Storm of the Century
Different regions name different storms “the storm of the century.” In 1993, a massive extratropical cyclone brought tremendous loss of life and property all along the eastern U.S. with storm surge, tornadoes, a blizzard and lots of other effects.
News You Can Use
- The storm was significant because the National Weather Service predicted the severity of a storm five days in advance for the first time.
- The massive storm affected 26 states and eastern Canada.
- The storm was unique with the intensity of a level 1 hurricane, huge waves, significant beach erosion, small vessels lost at sea, tornadoes, storm surge, one of the largest blizzards ever, and very wide, more than 40 of snow in some locations.
Show What You Know
With the links below, learn more about the great winter storm of 1993. Then answer the following questions.
- NOAA, Superstorm of 1993 “Storm of the Century” (webpage): http://www.erh.noaa.gov/ilm/archive/Superstorm93/
- Accu weather, Weather History: The Storm of the Century 1993 (video): http://www.youtube.com/watch?v=Tbk5SbLaPxI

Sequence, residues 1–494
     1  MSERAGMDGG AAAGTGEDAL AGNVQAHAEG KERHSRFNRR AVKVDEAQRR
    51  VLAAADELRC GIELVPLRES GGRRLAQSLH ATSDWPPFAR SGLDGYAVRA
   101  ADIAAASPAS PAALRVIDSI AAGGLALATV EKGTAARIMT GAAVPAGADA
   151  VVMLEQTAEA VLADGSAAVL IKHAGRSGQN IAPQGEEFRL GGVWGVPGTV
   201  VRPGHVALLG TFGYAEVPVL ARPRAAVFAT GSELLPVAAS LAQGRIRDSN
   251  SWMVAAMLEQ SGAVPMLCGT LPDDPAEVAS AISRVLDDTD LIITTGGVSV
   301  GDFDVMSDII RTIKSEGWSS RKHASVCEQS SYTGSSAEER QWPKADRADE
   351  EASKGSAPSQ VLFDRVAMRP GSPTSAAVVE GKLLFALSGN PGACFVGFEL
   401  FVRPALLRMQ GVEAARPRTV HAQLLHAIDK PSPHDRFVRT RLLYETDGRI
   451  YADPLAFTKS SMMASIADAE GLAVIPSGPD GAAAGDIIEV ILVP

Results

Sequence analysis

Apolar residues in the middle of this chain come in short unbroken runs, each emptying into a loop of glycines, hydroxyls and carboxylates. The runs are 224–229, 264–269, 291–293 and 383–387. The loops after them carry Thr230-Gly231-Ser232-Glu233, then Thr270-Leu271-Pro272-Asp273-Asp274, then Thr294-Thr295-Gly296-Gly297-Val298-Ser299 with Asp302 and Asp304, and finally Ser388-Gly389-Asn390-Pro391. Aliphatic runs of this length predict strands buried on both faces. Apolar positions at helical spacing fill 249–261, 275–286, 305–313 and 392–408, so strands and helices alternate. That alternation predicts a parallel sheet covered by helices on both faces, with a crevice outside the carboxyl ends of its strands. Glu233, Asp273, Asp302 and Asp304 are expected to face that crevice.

- NOAA Visualizations, 20th Anniversary of the “Storm of the Century” March 1993 (video): http://www.youtube.com/watch?v=tb5E1qmCdH0
- Where and how did the storm begin and make its first move?
- What atmospheric events happened as the storm moved up the eastern US?
- Why was this storm like a tropical cyclone (hurricane), rather than an extratropical cyclone, which is what it was?
- In the NOAA Visualization, when the storm is at its largest, describe its shape, size and intensity levels?
- On the weather map in the NOAA webpage, what is the barometric pressure in the center of the storm?